Despite the fact that more and more awareness is being created about depression, many common myths still prevail. Kristin, our wonderful guest contributor clarifies some of these myths in her post and we can't thank her enough!
May is National Mental Health Month in the U.S. Depression is the common name to describe a range of mood disorders. There are many stereotypes and downright lies about depression and the people who suffer from it. Here are a few common myths about depression.
1. You Are the Only One Who Feels This Way
Sometimes you feel like nobody understands what you're going through. But depression is actually one of the most common mental illnesses in America. According to the National Institute of Mental Health, over 20 million Americans over the age of 18 have mood disorders. That’s 9.5 percent of the population!
2. Depression Isn’t a ‘real’ Disease
Almost everyone has ridden the hormonal roller coaster from time to time and experienced a bad day or two. But depression is more than a blue mood. It is a medical condition recognized by the American Psychiatric Association. Feeling sad and down for several weeks at a time may be a sign of depression. You should seek medical help if you are having intense feelings of sadness, especially if they involve hurting yourself or others. There is no blood test that can conclusively prove that you have depression, but your doctor will ask you questions about your symptoms. Sometimes other medical conditions can have the same signs as depression, and your doctor will rule those out. It is important to be honest with your doctor and tell him or her how long you've been feeling this way. Keeping a journal of your moods can be helpful, as well as therapeutic.
3. You Can ‘think’ Yourself out of Depression
Depression will not go away on its own. You can not «snap out of it.» This is something people do not always understand. In the same way you cannot make your cold go away, you cannot just get rid of depression. It is also important to treat depression, because it can increase your risk for other diseases like heart attack and diabetes.
4. There is Only One Cause of Depression
No one knows what exactly causes depression. It can be triggered by a traumatic event, such as losing a loved one or stress. There may also be a genetic link. The way a person shows symptoms can be different too. Men with depression can have trouble sleeping, be irritable or angry. Women can have feelings of being worthless and guilt, which can add to the cycle of sadness. You can feel sad, you can feel anxious and unable to concentrate all the time. You may feel it at the same time! Losing interest in activities you once enjoyed is also a sign of depression. If you find yourself sleeping in bed all day, when you used to love rock climbing, you might want to talk with your doctor.
5. You Have Nothing to Be Depressed about
Having a loving group of friends and family or being in a certain tax bracket, does not keep you from being depressed. Depression can affect anyone no matter their age, gender, or ethnicity. Sometimes depression can appear for no reason at all! Depression can cause some people to feel guilty for feeling sad, which keeps them from seeking treatment. Your doctor won’t judge you for feeling sad, so talk to him or her.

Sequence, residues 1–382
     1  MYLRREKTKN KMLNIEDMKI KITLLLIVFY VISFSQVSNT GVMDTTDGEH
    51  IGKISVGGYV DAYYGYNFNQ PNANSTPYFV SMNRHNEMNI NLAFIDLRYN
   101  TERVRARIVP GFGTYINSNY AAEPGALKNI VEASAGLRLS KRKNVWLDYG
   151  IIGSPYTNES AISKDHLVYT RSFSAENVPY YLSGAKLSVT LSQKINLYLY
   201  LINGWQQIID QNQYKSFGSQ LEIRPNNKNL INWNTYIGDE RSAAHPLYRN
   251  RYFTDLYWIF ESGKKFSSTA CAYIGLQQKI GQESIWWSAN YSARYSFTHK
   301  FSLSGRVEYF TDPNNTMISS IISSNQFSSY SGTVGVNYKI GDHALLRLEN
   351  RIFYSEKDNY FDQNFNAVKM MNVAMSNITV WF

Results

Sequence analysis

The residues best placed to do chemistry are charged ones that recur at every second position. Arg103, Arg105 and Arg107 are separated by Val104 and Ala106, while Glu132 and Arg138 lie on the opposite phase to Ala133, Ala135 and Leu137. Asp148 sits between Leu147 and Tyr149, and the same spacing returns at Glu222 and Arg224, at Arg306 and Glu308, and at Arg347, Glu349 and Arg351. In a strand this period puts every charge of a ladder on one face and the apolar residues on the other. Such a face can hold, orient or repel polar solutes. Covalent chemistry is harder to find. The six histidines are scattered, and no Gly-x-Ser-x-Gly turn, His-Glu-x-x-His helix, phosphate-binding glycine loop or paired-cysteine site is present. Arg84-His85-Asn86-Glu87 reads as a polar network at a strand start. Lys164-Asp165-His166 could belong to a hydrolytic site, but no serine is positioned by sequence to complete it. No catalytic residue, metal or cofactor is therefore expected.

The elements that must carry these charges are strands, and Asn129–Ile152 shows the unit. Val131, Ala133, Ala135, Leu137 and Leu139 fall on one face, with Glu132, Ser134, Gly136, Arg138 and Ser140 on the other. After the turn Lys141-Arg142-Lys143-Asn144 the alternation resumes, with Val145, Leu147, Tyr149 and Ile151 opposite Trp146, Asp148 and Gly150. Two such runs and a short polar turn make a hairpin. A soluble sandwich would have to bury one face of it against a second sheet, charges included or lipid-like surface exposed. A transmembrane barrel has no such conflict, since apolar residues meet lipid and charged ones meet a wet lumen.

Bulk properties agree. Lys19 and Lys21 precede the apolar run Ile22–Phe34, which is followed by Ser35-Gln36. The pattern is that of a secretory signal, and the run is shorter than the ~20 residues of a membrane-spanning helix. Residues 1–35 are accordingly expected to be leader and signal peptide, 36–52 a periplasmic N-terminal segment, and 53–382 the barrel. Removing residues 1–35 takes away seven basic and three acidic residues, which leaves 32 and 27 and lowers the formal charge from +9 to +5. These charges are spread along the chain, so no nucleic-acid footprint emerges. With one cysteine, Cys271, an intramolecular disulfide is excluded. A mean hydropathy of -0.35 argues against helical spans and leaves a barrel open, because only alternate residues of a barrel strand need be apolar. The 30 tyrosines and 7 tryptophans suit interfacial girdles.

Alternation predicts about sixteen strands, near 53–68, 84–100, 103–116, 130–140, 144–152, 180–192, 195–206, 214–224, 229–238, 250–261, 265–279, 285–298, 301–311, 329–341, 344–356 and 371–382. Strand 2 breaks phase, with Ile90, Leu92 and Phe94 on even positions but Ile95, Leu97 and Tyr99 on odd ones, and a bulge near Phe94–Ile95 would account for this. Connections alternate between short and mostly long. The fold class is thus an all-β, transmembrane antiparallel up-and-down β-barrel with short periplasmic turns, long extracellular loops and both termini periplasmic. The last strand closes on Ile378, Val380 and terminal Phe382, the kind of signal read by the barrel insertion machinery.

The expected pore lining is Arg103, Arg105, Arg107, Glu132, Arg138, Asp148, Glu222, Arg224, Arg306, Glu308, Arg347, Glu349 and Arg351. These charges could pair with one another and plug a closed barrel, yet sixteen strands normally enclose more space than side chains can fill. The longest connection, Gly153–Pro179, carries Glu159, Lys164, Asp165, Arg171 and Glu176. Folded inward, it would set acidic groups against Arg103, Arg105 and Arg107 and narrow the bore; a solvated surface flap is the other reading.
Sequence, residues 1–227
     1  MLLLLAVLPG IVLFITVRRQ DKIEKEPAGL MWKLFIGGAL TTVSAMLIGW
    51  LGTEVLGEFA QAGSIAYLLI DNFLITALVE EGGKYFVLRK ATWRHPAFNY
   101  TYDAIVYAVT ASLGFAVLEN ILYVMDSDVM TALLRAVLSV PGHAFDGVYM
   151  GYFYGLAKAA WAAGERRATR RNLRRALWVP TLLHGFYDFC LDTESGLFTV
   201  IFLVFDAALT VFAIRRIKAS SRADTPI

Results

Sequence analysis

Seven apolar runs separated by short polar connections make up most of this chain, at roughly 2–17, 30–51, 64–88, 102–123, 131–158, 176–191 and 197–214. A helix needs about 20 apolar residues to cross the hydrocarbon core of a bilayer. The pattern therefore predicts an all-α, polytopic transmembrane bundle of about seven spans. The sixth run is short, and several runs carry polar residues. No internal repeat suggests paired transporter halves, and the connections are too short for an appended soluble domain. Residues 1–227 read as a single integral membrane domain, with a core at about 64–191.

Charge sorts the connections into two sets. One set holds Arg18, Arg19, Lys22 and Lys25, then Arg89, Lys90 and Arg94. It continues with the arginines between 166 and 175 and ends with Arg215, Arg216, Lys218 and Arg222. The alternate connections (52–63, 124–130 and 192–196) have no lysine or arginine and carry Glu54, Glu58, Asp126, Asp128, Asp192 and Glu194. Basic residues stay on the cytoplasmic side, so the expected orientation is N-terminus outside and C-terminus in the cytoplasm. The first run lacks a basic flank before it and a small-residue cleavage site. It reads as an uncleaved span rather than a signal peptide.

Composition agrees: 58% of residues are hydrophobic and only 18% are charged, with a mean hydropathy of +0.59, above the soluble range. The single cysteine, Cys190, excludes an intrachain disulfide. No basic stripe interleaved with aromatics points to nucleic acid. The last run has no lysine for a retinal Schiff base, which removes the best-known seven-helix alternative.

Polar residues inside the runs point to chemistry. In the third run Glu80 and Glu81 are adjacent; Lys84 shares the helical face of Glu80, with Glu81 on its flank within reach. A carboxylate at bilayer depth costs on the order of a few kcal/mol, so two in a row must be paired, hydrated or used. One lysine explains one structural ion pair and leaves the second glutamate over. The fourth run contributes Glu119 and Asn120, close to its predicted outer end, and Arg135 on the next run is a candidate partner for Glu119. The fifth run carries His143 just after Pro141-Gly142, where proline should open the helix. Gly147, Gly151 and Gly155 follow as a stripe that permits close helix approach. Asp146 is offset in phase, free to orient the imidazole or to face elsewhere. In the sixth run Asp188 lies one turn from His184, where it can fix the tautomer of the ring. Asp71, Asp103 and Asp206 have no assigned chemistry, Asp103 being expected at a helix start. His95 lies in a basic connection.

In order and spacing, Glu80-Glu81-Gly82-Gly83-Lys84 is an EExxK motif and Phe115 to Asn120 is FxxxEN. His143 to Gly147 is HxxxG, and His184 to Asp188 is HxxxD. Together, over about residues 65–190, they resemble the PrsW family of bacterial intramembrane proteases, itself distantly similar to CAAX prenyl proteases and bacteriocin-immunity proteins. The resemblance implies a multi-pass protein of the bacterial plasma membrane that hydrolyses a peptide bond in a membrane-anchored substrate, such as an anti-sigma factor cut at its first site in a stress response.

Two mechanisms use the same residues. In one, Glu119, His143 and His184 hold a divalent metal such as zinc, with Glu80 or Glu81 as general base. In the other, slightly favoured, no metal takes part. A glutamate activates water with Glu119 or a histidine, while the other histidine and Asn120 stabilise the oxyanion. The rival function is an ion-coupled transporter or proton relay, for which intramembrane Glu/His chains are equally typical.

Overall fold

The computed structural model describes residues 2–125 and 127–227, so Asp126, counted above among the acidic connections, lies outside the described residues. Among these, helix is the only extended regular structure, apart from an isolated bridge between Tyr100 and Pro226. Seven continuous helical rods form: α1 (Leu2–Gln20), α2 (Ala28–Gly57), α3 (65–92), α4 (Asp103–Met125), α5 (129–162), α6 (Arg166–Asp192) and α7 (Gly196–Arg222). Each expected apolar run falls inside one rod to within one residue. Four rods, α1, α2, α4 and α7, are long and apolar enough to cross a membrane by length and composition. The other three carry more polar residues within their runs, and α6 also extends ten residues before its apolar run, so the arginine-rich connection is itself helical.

6. Treatment is Expensive
Prescription medication is a big issue today. It seems like pharmaceutical companies are making money hand over fist and charging the consumer outrageous prices. It is true that some prescription medication can be expensive, and your health care insurance may not always cover the cost. But generic prescriptions are the same medicine at a much lower cost. If your doctor prescribes a specific brand, ask how much it will cost and then ask about a generic brand. Some pharmacies will only fill a prescription for the name brand written on the prescription, so make sure that your doctor knows you would like the generic instead.
7. Medication Will ‘change’ You
No one knows exactly what causes depression, so every patient is different. This means that the treatment each patient needs is different as well. You and your doctor may have to try a few different prescriptions before you find the one that works for you. It can take 2-6 weeks before you feel the medicine’s full strength. Anti-depressants can be powerful medicine and can have some scary side-effects. If you do feel like a different person (and not in a good way) then talk to your doctor about exploring other treatment options. Healthy eating and exercise can help reduce your symptoms as well, but shouldn't take the place of doctor prescribed medication.
8. One Pill Will Solve All Your Problems
While anti-depressants can have a positive effect on most people, they are not a magic pill. Some doctors will prescribe psychotherapy as part of a patient’s treatment. Psychotherapy is designed to help patients change their thoughts and behavior to better improve their lives. Another option a doctor might recommend is group therapy. It can be very comforting to be in an environment where you can share your concerns with others who are dealing with the same issues.
9. You Will Be on Medication for the Rest of Your Life
The first step to conquering depression is getting help. Less than half of people suffering from depression will seek help. But with treatment, 70% of depression sufferers will go into remission. It will not rule your life forever. If you feel like you’re drowning in your life and can’t find a way out, talk to a doctor or a mental health professional.
These are just some of the misconceptions people have about depression. Check out mentalhealthamerica.net for more information on specific disorders, and how to find a mental health care professional in your area.